Accounting services

The accounting profession is very well represented, with many international companies operating on the island, as well as a number of private individuals providing accounting, auditing and consulting services. Most accountants are British trained and members of either the Institute of Chartered Accountants or the Chartered Association of Certified Accountants.

Banking and financial services

The banking sector is well developed and caters for a wide variety of financial needs of both businesses and individuals. The commercial banks and specialised financial institutions offer full and varied local, national and international services on personal and corporate level. They offer a wide range of services including insurance, leasing, hire purchase finance, factoring, mutual fund management, investment and consulting as well as custody and asset management services. Cypriots and foreigners residing on the island enjoy the benefits of a well developed insurance industry with all types of risk accepted mainly through agents and intermediaries.

Local business and financial consultants have typically trained at European or US universities and many have worked overseas before setting up in Cyprus. They offer advice on the whole spectrum of modern business and investment. Overall, the professional services sector plays a significant and rapidly expanding role in the Cyprus business landscape.

Strategic Location Europe’s Middle Eastern Outpost

Cyprus’s strategic location at the crossroads of three continents has been a major factor in shaping its history throughout the centuries and its development into not only a major eastern Mediterranean trading post but also a reputable international business and services centre.

Upon membership into the European Union, Cyprus is being transformed into a key outpost in the Eastern Mediterranean, facilitating partnerships and serving as the springboard for investments among Europe, Africa, and Asia. Providing the perfect gateway for businesses to penetrate new markets, Cyprus is a heaven for modern business.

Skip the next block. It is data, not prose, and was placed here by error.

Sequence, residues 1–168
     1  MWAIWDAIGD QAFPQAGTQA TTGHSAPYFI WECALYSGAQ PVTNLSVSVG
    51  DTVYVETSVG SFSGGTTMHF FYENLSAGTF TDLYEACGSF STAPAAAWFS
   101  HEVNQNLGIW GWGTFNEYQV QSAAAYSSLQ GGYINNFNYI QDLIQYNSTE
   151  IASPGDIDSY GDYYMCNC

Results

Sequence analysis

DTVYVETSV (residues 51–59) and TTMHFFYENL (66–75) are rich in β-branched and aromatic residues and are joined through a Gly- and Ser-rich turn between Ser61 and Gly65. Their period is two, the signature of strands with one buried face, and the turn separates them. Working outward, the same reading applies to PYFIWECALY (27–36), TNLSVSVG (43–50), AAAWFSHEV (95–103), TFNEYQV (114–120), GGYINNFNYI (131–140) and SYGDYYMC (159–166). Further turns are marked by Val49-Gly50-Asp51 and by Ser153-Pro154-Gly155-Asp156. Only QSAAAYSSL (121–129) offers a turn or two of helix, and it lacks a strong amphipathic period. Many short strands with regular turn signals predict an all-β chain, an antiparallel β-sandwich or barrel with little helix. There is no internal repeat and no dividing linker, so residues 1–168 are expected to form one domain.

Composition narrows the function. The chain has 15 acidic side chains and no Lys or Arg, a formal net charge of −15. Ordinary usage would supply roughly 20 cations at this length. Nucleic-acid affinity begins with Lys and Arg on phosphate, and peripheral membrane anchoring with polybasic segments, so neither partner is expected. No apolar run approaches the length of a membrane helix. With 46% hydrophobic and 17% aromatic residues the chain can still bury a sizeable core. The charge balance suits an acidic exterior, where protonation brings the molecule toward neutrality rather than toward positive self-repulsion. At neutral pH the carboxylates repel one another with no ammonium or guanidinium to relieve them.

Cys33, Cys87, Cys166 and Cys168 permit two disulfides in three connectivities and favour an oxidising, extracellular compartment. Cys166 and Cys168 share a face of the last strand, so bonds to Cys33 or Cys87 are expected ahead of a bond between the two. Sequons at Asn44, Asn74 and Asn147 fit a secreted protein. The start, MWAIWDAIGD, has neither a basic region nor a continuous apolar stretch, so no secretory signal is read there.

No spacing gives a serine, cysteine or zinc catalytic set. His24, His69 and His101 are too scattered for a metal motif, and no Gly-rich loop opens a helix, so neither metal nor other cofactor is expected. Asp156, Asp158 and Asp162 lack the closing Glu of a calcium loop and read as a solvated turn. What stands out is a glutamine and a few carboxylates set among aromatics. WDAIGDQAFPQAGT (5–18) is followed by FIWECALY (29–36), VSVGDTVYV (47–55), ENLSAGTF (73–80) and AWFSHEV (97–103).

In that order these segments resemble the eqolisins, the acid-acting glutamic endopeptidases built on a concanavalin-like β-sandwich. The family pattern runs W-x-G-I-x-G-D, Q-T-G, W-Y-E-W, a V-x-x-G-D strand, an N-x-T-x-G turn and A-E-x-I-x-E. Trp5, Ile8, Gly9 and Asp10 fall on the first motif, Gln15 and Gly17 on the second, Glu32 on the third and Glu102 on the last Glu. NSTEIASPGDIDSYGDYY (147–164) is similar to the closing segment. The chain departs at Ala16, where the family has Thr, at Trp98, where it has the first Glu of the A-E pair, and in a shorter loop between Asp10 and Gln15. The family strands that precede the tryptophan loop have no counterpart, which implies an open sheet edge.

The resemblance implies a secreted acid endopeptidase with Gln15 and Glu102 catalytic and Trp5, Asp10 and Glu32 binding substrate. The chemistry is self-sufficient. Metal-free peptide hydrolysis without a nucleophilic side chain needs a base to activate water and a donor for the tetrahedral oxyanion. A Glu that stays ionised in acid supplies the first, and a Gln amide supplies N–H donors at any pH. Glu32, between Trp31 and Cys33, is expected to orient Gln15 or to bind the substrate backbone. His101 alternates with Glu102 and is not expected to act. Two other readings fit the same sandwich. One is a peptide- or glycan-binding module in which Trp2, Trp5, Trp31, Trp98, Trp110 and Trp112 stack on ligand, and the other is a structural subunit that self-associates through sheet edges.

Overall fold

Cyprus has become the EU’s key trading post in the eastern Mediterranean, providing a point of exchange between Europe, Africa, and Asia. Τhe island’s location also makes it an ideal transhipment centre, with Cypriot companies operating independently and with foreign partners to ship goods into and out of the EU via Cyprus.

Advanced telecommunications network and infrastructure


Two international airports, a modern road network and multipurpose port facilities have long established Cyprus as a commercial, financial and business center in the region. More than 35 Airlines operate scheduled fl ights from and to Larnaca International Airport (5 km from Larnaca town centre) and Pafos International Airport (15 km east of Pafos town).

A new airport in Paphos was inaugurated in November 2008 increasing arrival capacity up to 1.8 million passengers in 2011. The new airport in Larnaca began its operations in late 2009, increasing arrival capacity up to 5.5 million passengers in 2011. One can be in London, Moscow or Dubai in about four hours from Cyprus. With shipping accounting to 5% of the GDP of Cyprus, ports and shipping terminals are critical components of this contribution.


Considerable investment has been made into transforming the island into a telecommunications hub for the region. Cyprus is connected to a number of advanced technology submarine cables which provide excellent connectivity to Europe, the Middle East and Asia. In addition, seven satellite earth stations provide further satellite telecommunications connectivity making it easy for companies to locate here and be connected globally through an advanced and reliable communications network.

Reputable International Shipping Centre

Cyprus is a highly reputable international shipping centre, ranking among the 10 leading maritime nations in the world. More than 1,000 registered vessels with 21 million gross tonnage under the Cyprus flag. More than 130 ship owning and ship management related companies maintain offices in and conduct international activities from Cyprus collectively controlling a fleet of 2,300 ships with 46 million gross tonnage